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Wage Convergence and Inequality after Unification: (East) Germany in Transition

  • Gernandt, Johannes
  • Pfeiffer, Friedhelm

This paper investigates the wage convergence between East German workers and their West German counterparts after reunification. Our research is based on a comparison of three groups of workers defined as stayers, migrants and commuters to West Germany, who lived in East Germany in 1989, with groups of West German statistical twin workers, all taken from the Socio-Economic Panel (SOEP). According to our findings, wage convergence for stayers is roughly 75 percent and for commuters 85 percent. Wages of migrants to West Germany equal the ones of their West German statistical twins. We conclude that labor markets in East and West Germany are still characterized by wage differences but that the degree of inequality in both regions converged.

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Paper provided by ZEW - Zentrum für Europäische Wirtschaftsforschung / Center for European Economic Research in its series ZEW Discussion Papers with number 08-022.

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Date of creation: 2008
Date of revision:
Handle: RePEc:zbw:zewdip:7294
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  1. Johannes Gernandt & Friedhelm Pfeiffer, 2006. "Rising Wage Inequality in Germany," Working Papers of the Research Group Heterogenous Labor 06-12, Research Group Heterogeneous Labor, University of Konstanz/ZEW Mannheim.
  2. Edwin Leuven & Barbara Sianesi, 2003. "PSMATCH2: Stata module to perform full Mahalanobis and propensity score matching, common support graphing, and covariate imbalance testing," Statistical Software Components S432001, Boston College Department of Economics, revised 19 Jan 2015.
  3. Barbara Sianesi, 2001. "Propensity score matching," United Kingdom Stata Users' Group Meetings 2001 12, Stata Users Group, revised 23 Aug 2001.
  4. Richard Blundell & Lorraine Dearden & Barbara Sianesi, 2003. "Evaluating the impact of education on earnings in the UK: Models, methods and results from the NCDS," IFS Working Papers W03/20, Institute for Fiscal Studies.
  5. Jennifer Hunt, 1998. "Post-Unification Wage Growth in East Germany," William Davidson Institute Working Papers Series 304, William Davidson Institute at the University of Michigan.
  6. Brücker, Herbert & Trübswetter, Parvati, 2004. "Do the Best Go West? An Analysis of the Self-Selection of Employed East-West Migrants in Germany," IZA Discussion Papers 986, Institute for the Study of Labor (IZA).
  7. Paul Krugman, 1994. "Past and prospective causes of high unemployment," Proceedings - Economic Policy Symposium - Jackson Hole, Federal Reserve Bank of Kansas City, issue Jan, pages 49-98.
  8. Michael C. Burda & Jennifer Hunt, 2001. "From Reunification to Economic Integration: Productivity and the Labor Market in Eastern Germany," Brookings Papers on Economic Activity, Economic Studies Program, The Brookings Institution, vol. 32(2), pages 1-92.
  9. Franz, Wolfgang & Steiner, Viktor, 1999. "Wages in the East German transition process: facts and explanations," ZEW Discussion Papers 99-40, ZEW - Zentrum für Europäische Wirtschaftsforschung / Center for European Economic Research.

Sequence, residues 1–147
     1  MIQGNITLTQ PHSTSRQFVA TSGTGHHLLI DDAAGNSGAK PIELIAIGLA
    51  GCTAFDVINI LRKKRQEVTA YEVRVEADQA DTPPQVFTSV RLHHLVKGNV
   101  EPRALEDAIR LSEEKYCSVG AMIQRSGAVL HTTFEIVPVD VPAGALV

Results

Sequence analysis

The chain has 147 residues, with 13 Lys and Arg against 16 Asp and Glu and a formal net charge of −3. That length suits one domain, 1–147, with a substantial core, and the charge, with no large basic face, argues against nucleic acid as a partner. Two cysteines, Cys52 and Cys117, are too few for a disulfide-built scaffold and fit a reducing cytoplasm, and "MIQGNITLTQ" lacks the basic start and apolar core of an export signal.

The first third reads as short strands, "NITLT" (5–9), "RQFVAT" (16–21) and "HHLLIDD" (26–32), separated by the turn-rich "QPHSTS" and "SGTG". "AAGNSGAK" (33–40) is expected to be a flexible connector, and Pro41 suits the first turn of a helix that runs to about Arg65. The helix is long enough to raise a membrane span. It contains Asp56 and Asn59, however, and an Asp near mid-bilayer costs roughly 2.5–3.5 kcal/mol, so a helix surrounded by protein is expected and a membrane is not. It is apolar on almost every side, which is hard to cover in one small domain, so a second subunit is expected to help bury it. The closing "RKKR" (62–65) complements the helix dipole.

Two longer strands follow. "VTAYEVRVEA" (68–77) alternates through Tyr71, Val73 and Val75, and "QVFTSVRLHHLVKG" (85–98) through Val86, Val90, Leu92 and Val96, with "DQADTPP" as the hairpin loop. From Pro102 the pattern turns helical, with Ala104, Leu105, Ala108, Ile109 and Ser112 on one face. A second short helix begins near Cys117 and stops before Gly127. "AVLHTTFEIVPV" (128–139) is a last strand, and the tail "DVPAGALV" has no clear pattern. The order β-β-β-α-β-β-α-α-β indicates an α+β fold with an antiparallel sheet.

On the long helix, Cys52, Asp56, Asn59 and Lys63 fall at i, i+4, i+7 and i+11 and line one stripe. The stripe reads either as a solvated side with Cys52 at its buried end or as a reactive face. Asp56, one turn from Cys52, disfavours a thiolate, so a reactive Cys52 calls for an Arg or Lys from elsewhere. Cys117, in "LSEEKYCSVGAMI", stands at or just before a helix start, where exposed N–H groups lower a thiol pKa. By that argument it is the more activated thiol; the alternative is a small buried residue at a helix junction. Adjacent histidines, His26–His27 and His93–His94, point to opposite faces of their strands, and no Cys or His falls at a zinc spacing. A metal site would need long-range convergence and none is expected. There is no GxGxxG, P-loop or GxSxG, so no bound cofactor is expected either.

10. Lechner, Michael & Pfeiffer, Friedhelm & Giesecke O'Shea, Linda, 1992. "Expected job loss in East Germany shortly before German unification," ZEW Discussion Papers 92-10, ZEW - Zentrum für Europäische Wirtschaftsforschung / Center for European Economic Research.
  11. Kohn, Karsten, 2006. "Rising Wage Dispersion, After All! The German Wage Structure at the Turn of the Century," IZA Discussion Papers 2098, Institute for the Study of Labor (IZA).
  12. Reinhard Hujer & Bernd Fitzenberger & Reinhold Schnabel & Thomas E. MaCurdy, 2001. "Testing for uniform wage trends in West-Germany: A cohort analysis using quantile regressions for censored data," Empirical Economics, Springer, vol. 26(1), pages 41-86.
  13. Eswar S. Prasad, 2004. "The Unbearable Stability of the German Wage Structure: Evidence and Interpretation," IMF Staff Papers, Palgrave Macmillan, vol. 51(2), pages 354-385.
  14. Christian Dustmann & Johannes Ludsteck & Uta Schönberg, 2009. "Revisiting the German Wage Structure," The Quarterly Journal of Economics, MIT Press, vol. 124(2), pages 843-881, May.
  15. Hauser, Richard & Fabig, Holger, 1999. "Labor Earnings and Household Income Mobility in Reunified Germany: A Comparison of the Eastern and Western States," Review of Income and Wealth, International Association for Research in Income and Wealth, vol. 45(3), pages 303-24, September.
  16. Gerlinde Sinn & Hans-Werner Sinn, 1994. "Jumpstart: The Economic Unification of Germany," MIT Press Books, The MIT Press, edition 1, volume 1, number 0262691728, June.
  17. Jennifer Hunt, 2006. "Staunching Emigration from East Germany: Age and the Determinants of Migration," Journal of the European Economic Association, MIT Press, vol. 4(5), pages 1014-1037, 09.
  18. Edward J. Bird & Johannes Schwarze & Gert G. Wagner, 1994. "Wage Effects of the Move toward Free Markets in East Germany," ILR Review, Cornell University, ILR School, vol. 47(3), pages 390-400, April.
  19. Juhn, Chinhui & Murphy, Kevin M & Pierce, Brooks, 1993. "Wage Inequality and the Rise in Returns to Skill," Journal of Political Economy, University of Chicago Press, vol. 101(3), pages 410-42, June.
  20. Frank Heiland, 2004. "Trends in East-West German Migration from 1989 to 2002," Demographic Research, Max Planck Institute for Demographic Research, Rostock, Germany, vol. 11(7), pages 173-194, September.
  21. Richard B. Freeman & Lawrence F. Katz, 1995. "Differences and Changes in Wage Structures," NBER Books, National Bureau of Economic Research, Inc, number free95-1, July.
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